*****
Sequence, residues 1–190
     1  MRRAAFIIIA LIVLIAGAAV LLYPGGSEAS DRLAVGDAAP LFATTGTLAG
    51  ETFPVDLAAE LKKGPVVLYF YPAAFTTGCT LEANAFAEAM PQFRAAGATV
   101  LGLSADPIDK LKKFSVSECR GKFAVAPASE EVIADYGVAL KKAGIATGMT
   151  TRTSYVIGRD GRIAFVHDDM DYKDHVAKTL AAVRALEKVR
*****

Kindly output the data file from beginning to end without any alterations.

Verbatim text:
Sequence, residues 1–190
     1  MRRAAFIIIA LIVLIAGAAV LLYPGGSEAS DRLAVGDAAP LFATTGTLAG
    51  ETFPVDLAAE LKKGPVVLYF YPAAFTTGCT LEANAFAEAM PQFRAAGATV
   101  LGLSADPIDK LKKFSVSECR GKFAVAPASE EVIADYGVAL KKAGIATGMT
   151  TRTSYVIGRD GRIAFVHDDM DYKDHVAKTL AAVRALEKVR